War and Welfare in the 1940s

  • Derek Fraser


If the essential theme of the 1930s had been selectivity, that of the 1940s was universalism. That specious universalism which in 1931 had required the unemployed to share in the national sacrifice by a 10 per cent cut in income did not hide the fact that society and social policy were riddled with arbitrary distinctions and selective treatment. Just as unemployment was uneven in its impact, making it an experience depressingly familiar to specific regions and industries, so too the evolving services were uneven in coverage. Accidents of classification vitally affected the nature and scope of the services available. Insured workers were covered for unemployment, sickness, medical, old age, widows’ and orphans’ benefits, non-insured workers were not; insured workers had free access to a doctor, their families did not; a sick man received less financial aid during his incapacity for work than one who was unemployed; the unemployed were selectively treated, for twenty-six weeks by the insurance scheme, then by the U.A.B., but a minority of 40,000 able-bodied men who were technically not normally in insurable occupations were left with the Poor Law; non-contributory pensioners over seventy were subjected to a means test, contributory pensioners were not. Common social conditions did not produce common social security benefits as classification and technical qualifications had usurped need as the determining factor.


Local Authority National Health Service Emergency Medical Service Insurance Scheme National Assistance 
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Notes and References

  1. 1.
    W. H. Beveridge, The Pillars of Security (1943) pp. 107–8.Google Scholar
  2. 2.
    Economist I May 1943, quoted by R. M. Titmuss, Problems of Social Policy (1950) p. 516.Google Scholar
  3. 5.
    A. Briggs, Social Thought and Social Action: A Study of the Work of Seebohm Rowntree (1961) p. 303.Google Scholar
  4. 8.
    W. H. Beveridge, Social Insurance and Allied Services (1942) p. 17.Google Scholar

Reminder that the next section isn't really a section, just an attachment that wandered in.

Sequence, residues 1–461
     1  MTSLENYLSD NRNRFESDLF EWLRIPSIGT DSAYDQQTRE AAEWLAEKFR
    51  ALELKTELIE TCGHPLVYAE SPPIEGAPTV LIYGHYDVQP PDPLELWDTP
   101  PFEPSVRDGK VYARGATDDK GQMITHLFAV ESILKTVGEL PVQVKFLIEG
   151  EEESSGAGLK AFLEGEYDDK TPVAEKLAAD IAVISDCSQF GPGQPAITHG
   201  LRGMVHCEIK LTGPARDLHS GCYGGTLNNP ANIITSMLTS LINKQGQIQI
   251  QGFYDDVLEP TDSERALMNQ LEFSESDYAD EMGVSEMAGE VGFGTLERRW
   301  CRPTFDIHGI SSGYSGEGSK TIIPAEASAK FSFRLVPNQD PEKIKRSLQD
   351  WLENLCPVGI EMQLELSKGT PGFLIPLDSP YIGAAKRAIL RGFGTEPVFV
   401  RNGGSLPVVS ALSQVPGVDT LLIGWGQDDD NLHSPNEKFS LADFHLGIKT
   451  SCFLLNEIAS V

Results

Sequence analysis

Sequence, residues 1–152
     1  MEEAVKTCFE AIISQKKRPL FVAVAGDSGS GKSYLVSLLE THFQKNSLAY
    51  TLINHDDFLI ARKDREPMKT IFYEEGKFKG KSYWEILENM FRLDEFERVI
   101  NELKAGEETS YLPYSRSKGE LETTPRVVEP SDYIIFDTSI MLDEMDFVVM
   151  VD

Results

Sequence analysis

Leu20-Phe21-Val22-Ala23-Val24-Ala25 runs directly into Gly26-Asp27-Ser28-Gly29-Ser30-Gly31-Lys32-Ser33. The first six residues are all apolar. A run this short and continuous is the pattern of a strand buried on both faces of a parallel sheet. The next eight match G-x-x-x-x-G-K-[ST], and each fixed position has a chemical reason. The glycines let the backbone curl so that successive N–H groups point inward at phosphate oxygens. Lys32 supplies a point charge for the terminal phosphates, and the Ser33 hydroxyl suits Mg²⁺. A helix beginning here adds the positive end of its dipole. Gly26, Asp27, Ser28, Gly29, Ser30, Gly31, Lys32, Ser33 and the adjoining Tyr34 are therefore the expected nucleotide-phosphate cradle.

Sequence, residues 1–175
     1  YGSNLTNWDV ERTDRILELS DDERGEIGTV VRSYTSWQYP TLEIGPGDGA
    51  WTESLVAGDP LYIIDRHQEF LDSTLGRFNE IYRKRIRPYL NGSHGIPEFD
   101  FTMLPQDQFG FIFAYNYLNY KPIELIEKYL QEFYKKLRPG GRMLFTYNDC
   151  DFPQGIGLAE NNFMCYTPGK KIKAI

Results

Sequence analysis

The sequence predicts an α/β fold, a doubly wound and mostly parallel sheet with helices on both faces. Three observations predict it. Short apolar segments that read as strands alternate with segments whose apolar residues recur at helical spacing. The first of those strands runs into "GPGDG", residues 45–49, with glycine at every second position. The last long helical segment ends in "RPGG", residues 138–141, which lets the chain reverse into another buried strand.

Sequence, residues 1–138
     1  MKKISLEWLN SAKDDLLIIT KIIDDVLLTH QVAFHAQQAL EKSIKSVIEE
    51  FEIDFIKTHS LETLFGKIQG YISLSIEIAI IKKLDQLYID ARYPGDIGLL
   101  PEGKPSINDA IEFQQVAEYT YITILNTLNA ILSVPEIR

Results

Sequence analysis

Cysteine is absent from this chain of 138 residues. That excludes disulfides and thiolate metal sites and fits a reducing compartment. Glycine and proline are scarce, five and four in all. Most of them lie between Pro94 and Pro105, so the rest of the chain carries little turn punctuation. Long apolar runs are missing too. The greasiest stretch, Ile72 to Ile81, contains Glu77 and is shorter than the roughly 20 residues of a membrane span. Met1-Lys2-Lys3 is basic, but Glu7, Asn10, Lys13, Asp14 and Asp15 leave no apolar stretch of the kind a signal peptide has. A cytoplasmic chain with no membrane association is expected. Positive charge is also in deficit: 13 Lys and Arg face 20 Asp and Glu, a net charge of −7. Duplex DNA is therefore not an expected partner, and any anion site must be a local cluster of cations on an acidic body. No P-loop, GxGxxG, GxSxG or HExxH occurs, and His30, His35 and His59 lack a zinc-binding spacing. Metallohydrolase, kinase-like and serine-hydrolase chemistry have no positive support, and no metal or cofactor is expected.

5. 10.
    Quoted by V. George, Social Security (1968) p. 42.Google Scholar
  6. 12.
    W. S. Churchill, The Second World War, IV (1954) p. 861.Google Scholar
  7. 13.
    J. Beveridge, Beveridge and His Plan (1954) p. 146.Google Scholar
  8. 14.
    Hugh Dalton’s Diary, 23 Oct 1943, quoted by H. Felling, Britain and the Second World War (1970) p. 182.Google Scholar
  9. 15.
    A. Calder, The People’s War (1969) p. 540.Google Scholar
  10. 20.
    A. Howard, ‘We Are the Masters Now’, in M. Sissons and P. French (eds.), The Age of Austerity (1963) p. 16.Google Scholar
  11. 26.
    D. C. Marsh, National Insurance and Assistance in Great Britain (1950) pp. 110–11.Google Scholar
  12. 27.
    See for example Robson, Social Security and H. Levy, National Health Insurance: A Critical Study (1944).Google Scholar
  13. 29.
    A. Bevan, In Place of Fear (1952) p. 100.Google Scholar
  14. 31.
    Quoted by A. Lindsey, Socialised Medicine in England and Wales ( Chapel Hill, N.C., 1962 ) p. 59.Google Scholar
  15. 33.
    M. Bruce, The Coming of the Welfare State (1968) p. 326; Pelling, Britain and the Second World War, p. 297.Google Scholar
  16. 36.
    R. M. Titmuss, Commitment to Welfare (1968) p. 124.Google Scholar

Copyright information

© Derek Fraser 1973

Authors and Affiliations

  • Derek Fraser
    • 1
  1. 1.University of BradfordUK

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